Thinking | 31 March 2022

A proxy road ahead: regulations aimed at proxy advisors disallowed

By Michelle Eastwell and Chris Wright

Newly introduced proxy advisor regulations have been disallowed by the Senate. What does this mean, and where to from here?

The Senate recently resolved to disallow the Treasury Laws Amendment (Greater Transparency of Proxy Advice) Regulations 2021 (the Regulation), made under the Corporations Act 2001 (Cth) and the Superannuation Industry (Supervision) Act 1993 (Cth).

The Regulation had intended to introduce stricter obligations on financial services licensees who provide proxy advice (ie proxy advisors).

Proxy advisors typically provide advice services to large institutional investors, advising on the appropriateness of executive remuneration and the reappointment of directors at the annual general meetings of particular entities.

The Regulation would have specified:

  • circumstances in which voting advice is proxy advice (a kind of financial service) – which would have the effect of requiring providers of proxy advice to hold an Australian financial services licence covering the provision of that service; and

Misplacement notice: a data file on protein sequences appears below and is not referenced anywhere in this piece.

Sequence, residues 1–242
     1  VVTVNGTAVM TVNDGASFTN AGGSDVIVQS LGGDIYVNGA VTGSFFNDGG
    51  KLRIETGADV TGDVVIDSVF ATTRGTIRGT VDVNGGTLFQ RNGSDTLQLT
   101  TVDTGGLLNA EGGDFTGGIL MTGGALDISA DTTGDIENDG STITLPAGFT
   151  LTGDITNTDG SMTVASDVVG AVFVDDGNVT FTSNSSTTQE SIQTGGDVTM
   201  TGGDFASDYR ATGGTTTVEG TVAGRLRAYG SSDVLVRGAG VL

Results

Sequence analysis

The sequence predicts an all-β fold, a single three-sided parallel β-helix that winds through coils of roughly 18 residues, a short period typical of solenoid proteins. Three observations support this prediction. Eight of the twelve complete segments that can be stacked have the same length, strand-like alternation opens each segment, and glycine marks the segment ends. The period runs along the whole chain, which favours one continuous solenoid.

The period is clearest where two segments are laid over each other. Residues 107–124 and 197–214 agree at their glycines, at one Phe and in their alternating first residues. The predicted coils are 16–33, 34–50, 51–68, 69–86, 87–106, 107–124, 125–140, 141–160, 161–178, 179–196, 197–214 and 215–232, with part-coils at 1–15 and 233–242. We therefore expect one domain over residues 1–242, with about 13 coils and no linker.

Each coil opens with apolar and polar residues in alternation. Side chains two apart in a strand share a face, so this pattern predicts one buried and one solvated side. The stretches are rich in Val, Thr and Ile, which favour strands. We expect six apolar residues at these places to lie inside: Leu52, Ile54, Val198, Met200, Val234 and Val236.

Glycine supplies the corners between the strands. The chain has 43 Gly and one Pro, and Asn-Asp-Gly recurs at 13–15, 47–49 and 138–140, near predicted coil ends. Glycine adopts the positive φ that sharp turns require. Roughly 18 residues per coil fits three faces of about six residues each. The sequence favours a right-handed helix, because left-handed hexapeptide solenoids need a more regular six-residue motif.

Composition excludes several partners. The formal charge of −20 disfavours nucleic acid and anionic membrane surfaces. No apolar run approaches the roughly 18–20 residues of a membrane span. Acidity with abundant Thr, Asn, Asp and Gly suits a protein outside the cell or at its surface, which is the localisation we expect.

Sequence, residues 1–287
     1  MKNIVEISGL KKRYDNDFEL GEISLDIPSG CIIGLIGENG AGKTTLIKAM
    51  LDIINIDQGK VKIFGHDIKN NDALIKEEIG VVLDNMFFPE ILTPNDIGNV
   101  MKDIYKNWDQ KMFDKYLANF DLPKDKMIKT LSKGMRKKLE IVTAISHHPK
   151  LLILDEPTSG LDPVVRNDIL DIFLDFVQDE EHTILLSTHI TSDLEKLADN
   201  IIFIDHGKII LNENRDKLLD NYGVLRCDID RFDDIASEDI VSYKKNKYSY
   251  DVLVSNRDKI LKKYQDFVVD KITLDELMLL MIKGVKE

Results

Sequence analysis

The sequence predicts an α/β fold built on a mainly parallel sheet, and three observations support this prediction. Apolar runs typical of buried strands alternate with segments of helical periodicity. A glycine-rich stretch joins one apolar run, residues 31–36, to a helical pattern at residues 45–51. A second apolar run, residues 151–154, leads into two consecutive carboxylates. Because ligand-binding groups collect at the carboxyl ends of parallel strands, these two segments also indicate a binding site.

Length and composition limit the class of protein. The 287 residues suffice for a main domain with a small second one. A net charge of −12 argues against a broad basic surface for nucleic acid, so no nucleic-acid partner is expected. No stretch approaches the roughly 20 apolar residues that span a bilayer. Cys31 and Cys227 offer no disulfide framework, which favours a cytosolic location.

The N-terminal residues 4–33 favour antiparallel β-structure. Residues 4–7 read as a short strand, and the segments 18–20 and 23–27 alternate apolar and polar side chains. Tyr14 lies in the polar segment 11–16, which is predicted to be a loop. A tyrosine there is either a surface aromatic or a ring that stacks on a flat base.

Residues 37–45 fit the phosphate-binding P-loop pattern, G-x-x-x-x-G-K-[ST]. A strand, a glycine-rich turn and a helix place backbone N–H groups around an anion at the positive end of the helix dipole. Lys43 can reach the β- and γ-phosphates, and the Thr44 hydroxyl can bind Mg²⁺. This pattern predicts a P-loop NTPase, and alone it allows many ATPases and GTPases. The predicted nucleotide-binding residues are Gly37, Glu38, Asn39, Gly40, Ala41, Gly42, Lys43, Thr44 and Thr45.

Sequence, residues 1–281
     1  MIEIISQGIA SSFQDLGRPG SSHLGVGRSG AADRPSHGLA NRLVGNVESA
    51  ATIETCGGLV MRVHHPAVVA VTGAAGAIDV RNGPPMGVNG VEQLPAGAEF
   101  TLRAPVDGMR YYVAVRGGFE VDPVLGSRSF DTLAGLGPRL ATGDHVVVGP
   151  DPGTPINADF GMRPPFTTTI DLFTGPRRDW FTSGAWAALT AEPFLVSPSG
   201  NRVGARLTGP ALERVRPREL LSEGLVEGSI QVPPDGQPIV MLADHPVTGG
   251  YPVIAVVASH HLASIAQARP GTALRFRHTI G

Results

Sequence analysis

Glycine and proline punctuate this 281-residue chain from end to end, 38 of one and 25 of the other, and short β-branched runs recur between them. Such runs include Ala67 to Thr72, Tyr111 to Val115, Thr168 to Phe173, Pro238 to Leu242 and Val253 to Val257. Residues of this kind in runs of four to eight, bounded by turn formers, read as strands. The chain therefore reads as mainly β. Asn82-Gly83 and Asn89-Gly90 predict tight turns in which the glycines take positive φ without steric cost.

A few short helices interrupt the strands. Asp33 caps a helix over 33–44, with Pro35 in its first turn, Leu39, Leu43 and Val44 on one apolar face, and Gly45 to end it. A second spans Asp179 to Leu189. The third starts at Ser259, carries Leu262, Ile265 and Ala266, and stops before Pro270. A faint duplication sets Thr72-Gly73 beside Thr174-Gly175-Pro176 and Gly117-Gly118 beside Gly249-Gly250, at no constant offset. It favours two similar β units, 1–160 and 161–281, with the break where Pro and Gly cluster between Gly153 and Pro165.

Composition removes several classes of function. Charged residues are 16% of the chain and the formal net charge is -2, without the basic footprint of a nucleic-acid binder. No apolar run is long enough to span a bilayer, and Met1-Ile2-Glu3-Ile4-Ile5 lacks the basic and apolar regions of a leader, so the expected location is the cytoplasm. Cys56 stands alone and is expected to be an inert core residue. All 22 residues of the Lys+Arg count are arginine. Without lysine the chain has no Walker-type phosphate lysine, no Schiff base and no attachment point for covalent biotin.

• obligations for financial services licensees who provide proxy advice to:
    • provide any proxy advice to the entity that is the subject of the proxy advice on the same day it is provided to their client. This included providing all advice in writing to the subject, regardless of whether the original advice was delivered in writing, orally or a combination of both; and
    • be independent of their clients.

Concerns were raised following the introduction of the Regulation, including with these new obligations being enacted through a regulation (as opposed to being enacted through legislation, which would have resulted in more consultation and oversight), the non-commercial outcomes that would result from having to provide the proxy advice to the subject of that advice, and uncertainty around that constitutes being ‘independent’.

Now that the Regulation has been disallowed, it will not be of any force or effect, and an instrument of the same substance cannot be made again within six months of being disallowed. It is not yet clear if the Government will seek to reintroduce similar obligations (whether in a further regulation or in some other form) in the future.

Hall & Wilcox has extensive experience assisting entities with financial services licence obligations and meetings/investor issues. If you require any assistance with these matters, please contact us.

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